Several members of The American Legion’s national staff will represent America’s largest wartime veterans organization at an Oct. 30 press conference in Washington. Leaders from the House and Senate committees on veterans’ affairs are holding the event at the U.S. Capitol to call on Congress to act quickly and decisively in passing a bill that would extend advance appropriations to all Department of Veterans Affairs (VA) programs.
VA’s medical care programs are currently protected by advance funding, which account for about 86 percent of its total budget. As a result, VA was able to provide veterans with medical treatment and services despite the federal government shutdown. Yet advance funding does not include the Veterans Benefits Administration, which would have run out of money by the end of this month if the shutdown had gone on.
That lapse in funding would have meant that more than 5 million veterans would have missed more than $6 billion in monthly payments, starting Nov. 1. Other VA programs funded by other federal agencies, such as the Veterans Employment Training Service, also are not covered by advance funding and suffered from effects of the shutdown.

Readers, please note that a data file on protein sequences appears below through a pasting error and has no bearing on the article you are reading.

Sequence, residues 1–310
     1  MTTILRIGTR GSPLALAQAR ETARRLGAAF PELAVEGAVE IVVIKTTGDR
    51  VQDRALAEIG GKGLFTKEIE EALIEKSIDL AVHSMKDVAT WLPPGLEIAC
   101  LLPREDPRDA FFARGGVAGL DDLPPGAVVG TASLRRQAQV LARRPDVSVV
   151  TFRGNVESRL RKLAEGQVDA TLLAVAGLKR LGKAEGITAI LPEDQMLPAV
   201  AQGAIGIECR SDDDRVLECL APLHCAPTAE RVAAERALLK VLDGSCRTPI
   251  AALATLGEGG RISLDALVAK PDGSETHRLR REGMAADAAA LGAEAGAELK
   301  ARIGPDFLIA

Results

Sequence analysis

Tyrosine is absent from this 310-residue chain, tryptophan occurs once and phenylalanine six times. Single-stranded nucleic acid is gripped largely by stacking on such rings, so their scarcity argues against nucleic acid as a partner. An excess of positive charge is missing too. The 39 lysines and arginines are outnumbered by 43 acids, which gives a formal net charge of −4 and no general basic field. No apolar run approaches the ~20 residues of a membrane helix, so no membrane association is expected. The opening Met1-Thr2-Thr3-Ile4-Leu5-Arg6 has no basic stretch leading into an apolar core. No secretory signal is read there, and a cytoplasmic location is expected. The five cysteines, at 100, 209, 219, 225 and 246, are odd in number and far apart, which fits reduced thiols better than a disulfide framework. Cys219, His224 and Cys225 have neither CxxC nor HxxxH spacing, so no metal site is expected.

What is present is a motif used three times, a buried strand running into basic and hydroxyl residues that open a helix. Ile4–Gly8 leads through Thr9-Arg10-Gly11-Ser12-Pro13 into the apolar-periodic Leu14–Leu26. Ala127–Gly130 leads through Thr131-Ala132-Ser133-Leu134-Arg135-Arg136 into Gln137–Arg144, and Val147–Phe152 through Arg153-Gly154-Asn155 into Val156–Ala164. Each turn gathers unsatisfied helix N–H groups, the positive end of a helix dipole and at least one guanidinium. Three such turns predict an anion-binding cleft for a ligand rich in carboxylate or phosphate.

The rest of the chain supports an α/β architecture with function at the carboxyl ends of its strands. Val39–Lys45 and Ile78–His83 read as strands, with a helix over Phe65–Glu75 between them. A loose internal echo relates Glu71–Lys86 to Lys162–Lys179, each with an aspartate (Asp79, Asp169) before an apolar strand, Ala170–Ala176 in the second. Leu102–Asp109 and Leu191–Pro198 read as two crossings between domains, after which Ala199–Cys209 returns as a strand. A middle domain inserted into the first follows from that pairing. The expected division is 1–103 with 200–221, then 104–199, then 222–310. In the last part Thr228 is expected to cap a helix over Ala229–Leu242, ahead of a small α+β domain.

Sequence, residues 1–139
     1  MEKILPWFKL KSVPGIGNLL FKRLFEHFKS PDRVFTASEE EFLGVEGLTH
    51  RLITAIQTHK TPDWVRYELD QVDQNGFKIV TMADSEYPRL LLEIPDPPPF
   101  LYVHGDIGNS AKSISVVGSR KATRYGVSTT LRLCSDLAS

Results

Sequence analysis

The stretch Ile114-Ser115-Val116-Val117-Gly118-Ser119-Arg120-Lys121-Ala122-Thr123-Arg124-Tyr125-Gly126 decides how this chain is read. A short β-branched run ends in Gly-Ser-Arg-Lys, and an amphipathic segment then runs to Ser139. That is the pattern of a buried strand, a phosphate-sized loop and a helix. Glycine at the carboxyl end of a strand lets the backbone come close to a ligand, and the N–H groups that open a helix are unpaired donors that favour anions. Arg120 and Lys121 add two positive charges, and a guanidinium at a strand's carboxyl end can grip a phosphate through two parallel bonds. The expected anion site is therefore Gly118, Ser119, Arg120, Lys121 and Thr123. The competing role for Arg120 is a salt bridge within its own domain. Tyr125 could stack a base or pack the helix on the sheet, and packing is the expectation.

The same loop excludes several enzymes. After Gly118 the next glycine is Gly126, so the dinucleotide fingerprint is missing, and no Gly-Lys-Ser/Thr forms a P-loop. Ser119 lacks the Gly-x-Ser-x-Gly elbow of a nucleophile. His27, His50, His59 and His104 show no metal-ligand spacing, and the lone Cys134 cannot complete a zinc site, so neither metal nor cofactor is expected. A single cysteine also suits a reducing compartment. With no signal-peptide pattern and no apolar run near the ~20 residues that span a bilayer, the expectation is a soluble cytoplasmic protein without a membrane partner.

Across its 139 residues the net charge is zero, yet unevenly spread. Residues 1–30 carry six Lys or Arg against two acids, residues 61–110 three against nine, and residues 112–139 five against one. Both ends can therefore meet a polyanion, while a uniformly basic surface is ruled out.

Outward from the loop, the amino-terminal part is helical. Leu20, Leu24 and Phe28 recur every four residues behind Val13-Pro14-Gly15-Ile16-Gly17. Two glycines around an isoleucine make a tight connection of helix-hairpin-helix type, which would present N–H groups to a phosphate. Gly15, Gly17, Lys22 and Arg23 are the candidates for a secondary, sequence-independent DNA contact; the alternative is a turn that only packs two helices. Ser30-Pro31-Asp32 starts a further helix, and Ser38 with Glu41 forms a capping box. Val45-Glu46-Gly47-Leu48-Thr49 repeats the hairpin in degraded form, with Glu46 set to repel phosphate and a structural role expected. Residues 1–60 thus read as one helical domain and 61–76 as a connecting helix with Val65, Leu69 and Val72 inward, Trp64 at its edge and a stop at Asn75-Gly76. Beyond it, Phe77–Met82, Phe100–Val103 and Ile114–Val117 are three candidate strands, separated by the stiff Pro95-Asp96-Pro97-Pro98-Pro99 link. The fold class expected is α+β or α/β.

The Putting Veterans Funding First Act of 2013 (H.R. 813), introduced in the House on Feb. 25, and its companion Senate bill (S. 932) would ensure advance funding for all VA programs, regardless of their federal funding sources.
At its 95th national convention in Houston last August, The American Legion passed Resolution No. 77 in support of advance appropriations for all VA discretionary accounts. Mentioning its previous support for the Veterans Health Care Budget Reform and Transparence Act of 2009 – which covered VA medical programs with advance funding – the Legion resolution noted the continuing breakdown of the federal budget and appropriations process, "evidenced by stalemates over debt ceiling, sequestration and proposed government shutdowns...."
The resolution urges Congress to authorize advance funding for all VA discretionary appropriations accounts, "particularly for Veterans Benefits Administration operations, construction, research, and Information Technology."
With advance appropriations extended across all VA programs, it would be easier for the department to plan for key investments in information technology, disability and pension claims processing, and construction projects.